Fall economy growth slowed by supply disruptions, labor shortages

The Midwest economy grew modestly to moderately during October and early November despite supply chain disruptions and labor shortages, according to the Federal Reserve’s most recent Beige Book

In the Ninth Fed district, prices increased as firms passed higher input expenses to consumers. Consumer demand increased, but the spread of the Delta variant slowed some activity, according to the Fed. Ag conditions improved, but drought conditions remained. Minority- and women-owned businesses saw mixed activity. 

In the Chicago Fed region, employment and business spending grew moderately and modest growth was observed in consumer spending and manufacturing. Construction and real estate sectors were flat. A larger-than-anticipated soybean and corn harvest increased expected farm income for this year. 

There are high expectations for future growth within the Kansas City Fed region, supported by large jumps in orders for goods and services. Several contacts said their businesses were booked out further than previously anticipated, due to elevated demand and ongoing supply factors.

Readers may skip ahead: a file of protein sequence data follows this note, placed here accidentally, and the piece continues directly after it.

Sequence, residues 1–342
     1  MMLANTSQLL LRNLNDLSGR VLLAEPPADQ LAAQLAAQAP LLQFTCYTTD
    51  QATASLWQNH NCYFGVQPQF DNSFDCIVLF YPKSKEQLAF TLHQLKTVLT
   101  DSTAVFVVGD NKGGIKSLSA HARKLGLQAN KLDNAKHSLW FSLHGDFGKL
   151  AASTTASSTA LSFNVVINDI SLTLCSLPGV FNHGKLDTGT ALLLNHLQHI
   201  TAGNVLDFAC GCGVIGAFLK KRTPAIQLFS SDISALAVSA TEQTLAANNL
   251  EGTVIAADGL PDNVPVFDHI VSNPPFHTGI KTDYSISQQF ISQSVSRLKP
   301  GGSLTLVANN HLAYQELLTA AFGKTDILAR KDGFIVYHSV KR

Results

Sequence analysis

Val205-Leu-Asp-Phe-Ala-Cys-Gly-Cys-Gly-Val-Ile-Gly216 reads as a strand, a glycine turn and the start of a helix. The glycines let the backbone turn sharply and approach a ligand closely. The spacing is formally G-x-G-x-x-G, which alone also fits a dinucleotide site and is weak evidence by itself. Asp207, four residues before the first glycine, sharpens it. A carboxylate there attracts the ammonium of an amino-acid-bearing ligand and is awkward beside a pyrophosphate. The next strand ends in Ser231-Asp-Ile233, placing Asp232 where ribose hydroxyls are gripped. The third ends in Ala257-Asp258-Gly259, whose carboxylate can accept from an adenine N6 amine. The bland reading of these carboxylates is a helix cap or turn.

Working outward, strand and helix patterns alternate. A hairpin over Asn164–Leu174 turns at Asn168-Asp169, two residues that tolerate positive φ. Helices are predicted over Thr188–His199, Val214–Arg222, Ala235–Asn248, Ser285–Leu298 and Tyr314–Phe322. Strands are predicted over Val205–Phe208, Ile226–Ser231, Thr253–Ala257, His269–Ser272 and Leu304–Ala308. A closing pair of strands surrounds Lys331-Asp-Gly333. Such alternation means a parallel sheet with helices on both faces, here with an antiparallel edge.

The overall economic outlook remained positive in most areas, but uncertainty remains over when supply chain and labor supply challenges will ease. Childcare, retirements and Covid-19 safety concerns were cited as reasons for the workforce shortage. Many districts reported concerns that any federal vaccination mandate would only worsen hiring challenges. Those challenges, however, are causing employers to raise wages and offer bonuses and flexible working arrangements.  

Several Fed districts reported modest increases in consumer spending; low inventories slowed the sales of some goods, especially vehicles. Strong demand for raw materials, logistical challenges and the tight labor market are leading to price hikes throughout the economy. Loan demand increased in nearly the entire country. Construction increased but was also limited by scarce materials and labor, according to the Fed. Nonresidential real estate activity increased in many spots, and residential real estate activity was mixed.

 Greater supplies of semiconductors and some steel products led to the easing of some price pressures. Manufacturing grew across all districts despite those shortages, and high freight volumes continued straining distribution systems. Leisure and hospitality activity increased as the spread of the Delta variant slowed in many spots.